ORIGINALLY WRITTEN DON RATZLAFF
Three days after its Nov. 28 grand opening, Arlene’s Family Restaurant in Hillsboro apparently closed its doors for good.
Its owners, Karl and Arlene Trudell, have been scarcely seen in Hillsboro since that time. More than a dozen employees say they are owed wages, and numerous local businesses and service providers are also owed money.
An informal survey of those parties suggests they have been left holding the bag for between $7,500 and $10,000.
Arlene’s Family Restaurant opened its doors Nov. 9 and had its official grand opening Nov. 28. It was last open for business Sunday, Nov. 30.
The restaurant was featured in the “Dining Guide” section of the Dec. 3 issue of the Free Press.
On Monday and Tuesday of last week, a message on the door stated the restaurant was closed because of a death in the family.
On Wednesday, the message was changed to read, “We are closed today to restock.” That message remained on that door as of Monday.
On Friday, a three-day eviction notice was posted on the restaurant door, was removed by Saturday morning, but was reposted on Monday.
Employees say they were in contact with Karl Trudell by telephone at least twice last week, and were told to gather at a specified time and place in order to receive their back wages.
In both instances, employees showed up as they had been advised, but the Trudells did not.
For a few hours last Wednesday evening, an expanded message, written by a frustrated employee, appeared on the front windows saying, among other things, “Closed because we can’t pay our employees.”
That message was washed off later that evening by a different employee.
Numerous attempts by the Free Press to contact the Trudells via their cell phone have been unsuccessful.
One of the Trudell’s employees, Adam Engels, had been working at the restaurant part-time since Nov. 11. He said he had taken on the unofficial role as the evening-shift manager in recent weeks.
Engels said the Trudells were more than willing to accommodate his schedule when he was hired.
“They seemed like really nice people at first-clear up until just recently,” he said. “Anytime anybody needed off they said, ‘Yeah, go do it.’ They were really accommodating in that sense.”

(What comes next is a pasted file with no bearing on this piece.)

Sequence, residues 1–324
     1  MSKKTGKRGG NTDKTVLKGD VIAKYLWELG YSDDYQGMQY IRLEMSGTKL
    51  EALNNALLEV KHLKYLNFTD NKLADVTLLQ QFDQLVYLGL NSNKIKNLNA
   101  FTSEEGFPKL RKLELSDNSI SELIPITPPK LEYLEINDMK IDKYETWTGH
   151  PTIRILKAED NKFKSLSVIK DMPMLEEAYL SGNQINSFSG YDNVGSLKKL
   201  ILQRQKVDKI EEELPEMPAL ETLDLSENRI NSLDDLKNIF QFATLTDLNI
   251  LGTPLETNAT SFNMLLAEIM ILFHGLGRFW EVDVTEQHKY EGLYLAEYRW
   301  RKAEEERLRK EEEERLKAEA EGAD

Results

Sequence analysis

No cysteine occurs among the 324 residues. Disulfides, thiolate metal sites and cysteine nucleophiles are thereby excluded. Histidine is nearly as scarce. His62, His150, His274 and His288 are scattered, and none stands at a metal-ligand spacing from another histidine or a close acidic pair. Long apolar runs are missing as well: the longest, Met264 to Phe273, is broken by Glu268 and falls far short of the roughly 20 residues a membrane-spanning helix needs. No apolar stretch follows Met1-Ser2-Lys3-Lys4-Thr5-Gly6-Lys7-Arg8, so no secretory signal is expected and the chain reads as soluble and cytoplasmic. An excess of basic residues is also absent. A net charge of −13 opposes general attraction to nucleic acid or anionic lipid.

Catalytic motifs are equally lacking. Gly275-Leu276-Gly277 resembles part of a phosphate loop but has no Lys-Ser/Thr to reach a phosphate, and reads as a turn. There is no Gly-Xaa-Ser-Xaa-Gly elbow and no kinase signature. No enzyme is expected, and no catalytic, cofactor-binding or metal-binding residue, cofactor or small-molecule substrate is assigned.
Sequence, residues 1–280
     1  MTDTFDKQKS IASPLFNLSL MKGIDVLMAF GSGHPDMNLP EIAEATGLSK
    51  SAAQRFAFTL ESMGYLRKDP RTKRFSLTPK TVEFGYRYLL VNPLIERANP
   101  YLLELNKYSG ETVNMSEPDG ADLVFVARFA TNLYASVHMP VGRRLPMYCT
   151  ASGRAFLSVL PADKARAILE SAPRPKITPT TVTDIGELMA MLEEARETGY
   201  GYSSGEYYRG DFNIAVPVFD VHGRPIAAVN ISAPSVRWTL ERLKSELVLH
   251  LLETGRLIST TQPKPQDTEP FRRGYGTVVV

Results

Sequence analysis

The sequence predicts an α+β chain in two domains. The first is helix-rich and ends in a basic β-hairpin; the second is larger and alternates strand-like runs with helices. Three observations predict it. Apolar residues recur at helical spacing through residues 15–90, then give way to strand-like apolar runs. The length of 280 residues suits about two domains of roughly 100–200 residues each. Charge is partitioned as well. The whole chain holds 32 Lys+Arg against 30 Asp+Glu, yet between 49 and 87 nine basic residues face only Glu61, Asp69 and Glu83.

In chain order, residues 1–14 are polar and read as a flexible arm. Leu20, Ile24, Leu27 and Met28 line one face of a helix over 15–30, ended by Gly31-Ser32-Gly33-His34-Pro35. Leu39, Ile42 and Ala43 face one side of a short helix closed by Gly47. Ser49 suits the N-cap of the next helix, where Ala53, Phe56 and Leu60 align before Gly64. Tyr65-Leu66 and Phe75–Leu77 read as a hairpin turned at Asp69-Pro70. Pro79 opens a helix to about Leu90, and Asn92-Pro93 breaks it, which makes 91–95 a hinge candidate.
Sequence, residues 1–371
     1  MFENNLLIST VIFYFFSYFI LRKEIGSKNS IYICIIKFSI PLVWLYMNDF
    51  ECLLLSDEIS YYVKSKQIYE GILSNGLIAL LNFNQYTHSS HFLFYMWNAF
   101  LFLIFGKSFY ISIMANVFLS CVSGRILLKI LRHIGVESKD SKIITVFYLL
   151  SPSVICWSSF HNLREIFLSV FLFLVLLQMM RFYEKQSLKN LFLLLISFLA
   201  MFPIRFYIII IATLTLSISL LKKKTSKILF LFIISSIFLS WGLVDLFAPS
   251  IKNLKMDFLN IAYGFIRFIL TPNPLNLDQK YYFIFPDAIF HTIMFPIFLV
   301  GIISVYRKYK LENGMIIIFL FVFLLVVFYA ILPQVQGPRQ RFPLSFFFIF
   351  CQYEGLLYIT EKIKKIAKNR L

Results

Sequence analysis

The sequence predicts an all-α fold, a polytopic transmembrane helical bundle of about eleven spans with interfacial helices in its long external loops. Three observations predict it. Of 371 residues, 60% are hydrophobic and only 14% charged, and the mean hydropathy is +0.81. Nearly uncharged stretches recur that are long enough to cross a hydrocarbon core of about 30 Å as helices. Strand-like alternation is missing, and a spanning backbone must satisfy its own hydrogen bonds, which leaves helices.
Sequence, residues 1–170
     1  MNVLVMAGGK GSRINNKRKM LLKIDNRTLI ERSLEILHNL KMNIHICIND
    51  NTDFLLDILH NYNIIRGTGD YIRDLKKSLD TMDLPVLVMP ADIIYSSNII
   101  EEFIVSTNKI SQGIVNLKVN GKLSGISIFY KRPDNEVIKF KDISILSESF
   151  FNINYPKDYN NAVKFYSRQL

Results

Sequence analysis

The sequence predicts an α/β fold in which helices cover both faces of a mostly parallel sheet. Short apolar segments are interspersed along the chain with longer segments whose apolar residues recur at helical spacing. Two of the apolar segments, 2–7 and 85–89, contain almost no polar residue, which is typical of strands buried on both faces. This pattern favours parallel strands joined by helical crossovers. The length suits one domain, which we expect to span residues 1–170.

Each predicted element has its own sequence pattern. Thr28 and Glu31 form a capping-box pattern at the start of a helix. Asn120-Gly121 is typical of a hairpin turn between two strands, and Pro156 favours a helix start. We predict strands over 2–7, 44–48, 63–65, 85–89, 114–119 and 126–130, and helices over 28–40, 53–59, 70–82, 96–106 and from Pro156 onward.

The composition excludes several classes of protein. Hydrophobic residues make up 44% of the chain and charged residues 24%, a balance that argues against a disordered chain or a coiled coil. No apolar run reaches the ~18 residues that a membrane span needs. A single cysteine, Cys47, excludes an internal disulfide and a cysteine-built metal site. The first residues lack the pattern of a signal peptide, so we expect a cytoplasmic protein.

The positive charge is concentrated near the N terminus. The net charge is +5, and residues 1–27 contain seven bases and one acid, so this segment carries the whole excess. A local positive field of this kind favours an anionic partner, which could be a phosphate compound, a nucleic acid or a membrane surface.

Engels said he’s been able to withstand his lost wages because he also works as a para-educator at Hillsboro High School and officiates basketball games.
“I was never worried about me,” he said. “I pay my bills and I have other sources of income. But some people quit other jobs to start here.”
Engels said he was aware of fellow employees who needed money to pay rent, utilities and other pressing obligations. One former employee has a wife who is nine months pregnant and a car in danger of being repossessed.
The Hillsboro Chamber of Commerce has supplied employees with the forms by which they can file for unemployment and be compensated for lost wages through state programs.
Hillsboro Police Chief Dan Kinning said his department has had limited involvement in the situation because issues such as these are civil matters, not criminal matters.
“We’ve been referring people who come to us to the Kansas Department of Human Resources,” he said.
Engels said he wishes now he had acted sooner on indicators that the business was not being operated professionally.
“I guess next time everybody’s going to be a little more careful,” he said. “I was always raised that people are good, and I always try to see the best in everybody.”
Engels said he felt the community had responded to the Trudells in a similar way-wanting to give the the couple every chance to succeed.
“I think everyone was just so excited to have a new business in town,” he said. “I really do think this type of restaurant would work well in Hillsboro if the right people were to open it and were ready to meet the challenges.
“If you’re good honest people and you work hard, people will support you.”
As of Monday the Trudells’ whereabouts were unknown.
“We don’t know where they’re at,” Engels said. “I don’t know if anybody does.”